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Don’t Let Your Orders Confuse People

In a post at Consulting 101, Lew Sauder describes an old boss who was exceptionally bright and business-inclined, but he always gave vague orders that subordinates could not interpret. Sauder estimates that perhaps this boss was so bright that he thought the things he was asking for were obvious, but to lesser mortals, that was not truly the case. The takeaway is that it is important for you to give people orders on a level that they will understand (without being condescending).

Toward that end, Sauder says to do these things:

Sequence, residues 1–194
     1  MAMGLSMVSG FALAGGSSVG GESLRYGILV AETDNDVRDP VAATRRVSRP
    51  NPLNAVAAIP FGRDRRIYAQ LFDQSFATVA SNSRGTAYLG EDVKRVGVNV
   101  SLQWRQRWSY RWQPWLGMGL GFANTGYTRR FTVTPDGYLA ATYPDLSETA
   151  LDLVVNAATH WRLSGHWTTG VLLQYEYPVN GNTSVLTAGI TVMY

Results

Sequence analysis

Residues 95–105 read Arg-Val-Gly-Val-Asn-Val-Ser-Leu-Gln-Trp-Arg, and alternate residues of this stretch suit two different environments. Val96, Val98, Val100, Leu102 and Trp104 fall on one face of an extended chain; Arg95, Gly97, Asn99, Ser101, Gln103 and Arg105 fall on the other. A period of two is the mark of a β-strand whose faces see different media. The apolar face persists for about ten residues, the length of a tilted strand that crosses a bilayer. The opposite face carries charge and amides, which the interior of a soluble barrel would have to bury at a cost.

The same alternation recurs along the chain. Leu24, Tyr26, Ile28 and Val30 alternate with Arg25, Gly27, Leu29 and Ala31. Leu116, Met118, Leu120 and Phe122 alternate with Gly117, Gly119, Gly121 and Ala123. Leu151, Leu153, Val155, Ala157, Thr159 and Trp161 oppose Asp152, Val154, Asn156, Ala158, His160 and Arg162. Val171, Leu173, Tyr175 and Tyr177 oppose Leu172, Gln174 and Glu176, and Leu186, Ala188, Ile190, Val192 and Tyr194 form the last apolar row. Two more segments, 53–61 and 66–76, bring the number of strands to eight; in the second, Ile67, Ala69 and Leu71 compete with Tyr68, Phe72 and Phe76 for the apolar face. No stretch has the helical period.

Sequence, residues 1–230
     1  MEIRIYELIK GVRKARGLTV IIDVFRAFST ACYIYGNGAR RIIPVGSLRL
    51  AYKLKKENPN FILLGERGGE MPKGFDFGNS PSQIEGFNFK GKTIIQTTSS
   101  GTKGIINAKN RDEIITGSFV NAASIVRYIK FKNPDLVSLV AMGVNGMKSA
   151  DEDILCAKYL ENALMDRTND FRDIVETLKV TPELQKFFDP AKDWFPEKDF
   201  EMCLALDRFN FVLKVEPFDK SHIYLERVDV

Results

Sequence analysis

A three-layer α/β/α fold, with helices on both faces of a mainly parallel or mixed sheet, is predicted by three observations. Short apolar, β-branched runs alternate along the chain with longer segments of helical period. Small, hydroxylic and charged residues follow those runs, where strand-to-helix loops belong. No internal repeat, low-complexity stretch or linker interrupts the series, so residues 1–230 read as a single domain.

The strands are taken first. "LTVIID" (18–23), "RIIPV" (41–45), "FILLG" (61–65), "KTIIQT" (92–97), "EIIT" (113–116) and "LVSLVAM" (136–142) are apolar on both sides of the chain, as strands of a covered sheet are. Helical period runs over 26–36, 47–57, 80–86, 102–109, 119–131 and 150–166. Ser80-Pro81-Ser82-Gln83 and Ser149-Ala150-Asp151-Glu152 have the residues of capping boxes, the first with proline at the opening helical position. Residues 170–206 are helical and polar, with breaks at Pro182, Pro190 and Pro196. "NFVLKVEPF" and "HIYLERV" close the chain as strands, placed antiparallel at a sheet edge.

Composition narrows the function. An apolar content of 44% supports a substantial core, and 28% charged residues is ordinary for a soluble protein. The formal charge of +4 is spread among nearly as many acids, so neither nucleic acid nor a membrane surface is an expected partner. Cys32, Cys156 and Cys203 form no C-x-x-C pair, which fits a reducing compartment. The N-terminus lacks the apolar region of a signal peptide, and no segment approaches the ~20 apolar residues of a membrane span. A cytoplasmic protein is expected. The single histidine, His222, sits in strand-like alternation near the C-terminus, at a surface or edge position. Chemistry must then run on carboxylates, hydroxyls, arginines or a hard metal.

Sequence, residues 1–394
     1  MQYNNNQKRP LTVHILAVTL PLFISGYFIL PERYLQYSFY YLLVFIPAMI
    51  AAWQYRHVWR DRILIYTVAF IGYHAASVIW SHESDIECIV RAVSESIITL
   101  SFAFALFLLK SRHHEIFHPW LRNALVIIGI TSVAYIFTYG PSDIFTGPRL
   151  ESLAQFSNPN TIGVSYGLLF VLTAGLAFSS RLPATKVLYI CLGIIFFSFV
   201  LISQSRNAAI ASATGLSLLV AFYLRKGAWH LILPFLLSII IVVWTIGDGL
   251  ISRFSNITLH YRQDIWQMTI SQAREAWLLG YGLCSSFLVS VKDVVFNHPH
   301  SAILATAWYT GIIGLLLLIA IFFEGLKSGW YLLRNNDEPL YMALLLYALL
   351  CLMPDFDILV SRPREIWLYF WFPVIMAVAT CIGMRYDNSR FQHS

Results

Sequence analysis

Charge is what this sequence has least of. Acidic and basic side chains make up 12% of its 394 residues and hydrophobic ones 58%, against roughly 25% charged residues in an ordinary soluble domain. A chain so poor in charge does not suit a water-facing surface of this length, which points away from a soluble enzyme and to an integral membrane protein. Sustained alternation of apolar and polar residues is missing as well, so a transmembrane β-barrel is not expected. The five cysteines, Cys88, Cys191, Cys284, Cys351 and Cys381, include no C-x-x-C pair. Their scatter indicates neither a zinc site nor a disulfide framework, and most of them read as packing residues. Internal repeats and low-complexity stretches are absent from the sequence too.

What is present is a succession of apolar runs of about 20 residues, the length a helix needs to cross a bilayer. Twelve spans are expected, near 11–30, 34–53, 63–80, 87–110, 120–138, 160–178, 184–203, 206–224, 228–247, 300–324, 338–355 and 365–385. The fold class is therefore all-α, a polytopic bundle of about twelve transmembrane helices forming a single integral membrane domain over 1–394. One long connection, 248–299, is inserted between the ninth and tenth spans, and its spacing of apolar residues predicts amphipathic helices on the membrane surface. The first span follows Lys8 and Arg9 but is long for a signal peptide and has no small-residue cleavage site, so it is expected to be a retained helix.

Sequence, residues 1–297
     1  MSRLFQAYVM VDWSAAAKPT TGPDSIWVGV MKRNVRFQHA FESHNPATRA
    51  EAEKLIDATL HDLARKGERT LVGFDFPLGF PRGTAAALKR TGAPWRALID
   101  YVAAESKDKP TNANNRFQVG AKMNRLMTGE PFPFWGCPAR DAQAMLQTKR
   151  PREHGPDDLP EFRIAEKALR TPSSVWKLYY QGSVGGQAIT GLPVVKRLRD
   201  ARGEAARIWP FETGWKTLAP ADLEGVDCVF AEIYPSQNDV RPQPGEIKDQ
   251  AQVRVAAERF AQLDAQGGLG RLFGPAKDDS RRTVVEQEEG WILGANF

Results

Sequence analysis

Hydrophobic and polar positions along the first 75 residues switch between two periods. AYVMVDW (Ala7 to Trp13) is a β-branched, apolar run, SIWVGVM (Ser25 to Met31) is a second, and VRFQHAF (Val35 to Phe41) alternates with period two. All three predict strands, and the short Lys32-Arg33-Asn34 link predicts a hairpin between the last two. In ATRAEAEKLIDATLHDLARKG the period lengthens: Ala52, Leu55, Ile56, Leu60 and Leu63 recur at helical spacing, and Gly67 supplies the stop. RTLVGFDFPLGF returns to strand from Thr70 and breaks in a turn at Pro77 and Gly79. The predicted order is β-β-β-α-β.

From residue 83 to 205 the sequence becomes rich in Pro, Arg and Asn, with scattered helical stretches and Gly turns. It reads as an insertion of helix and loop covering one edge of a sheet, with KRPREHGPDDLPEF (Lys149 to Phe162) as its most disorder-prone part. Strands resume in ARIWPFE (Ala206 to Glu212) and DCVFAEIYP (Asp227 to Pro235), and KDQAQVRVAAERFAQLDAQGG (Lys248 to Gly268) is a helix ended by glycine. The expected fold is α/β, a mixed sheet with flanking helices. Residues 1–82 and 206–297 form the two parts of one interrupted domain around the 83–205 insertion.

• Assess your audience: Ask a few basic questions to gauge the depth of an employee’s knowledge on the topic.
  • Describe the final outcome: Outline generally what shape the result of your order should take.
  • Solicit questions: Give them a chance to seek additional clarification up front.
  • Have them describe it back to you: If they can do this well, then the order has been understood.

You can view the full post here: http://blog.consulting101book.com/orders-create-confusion/

About John Friscia

John Friscia is the Editor of Computer Aid's Accelerating IT Success. He began working for Computer Aid, Inc. in 2013 and continues to provide graphic design support for AITS. He graduated summa cum laude from Shippensburg University with a B.A. in English.

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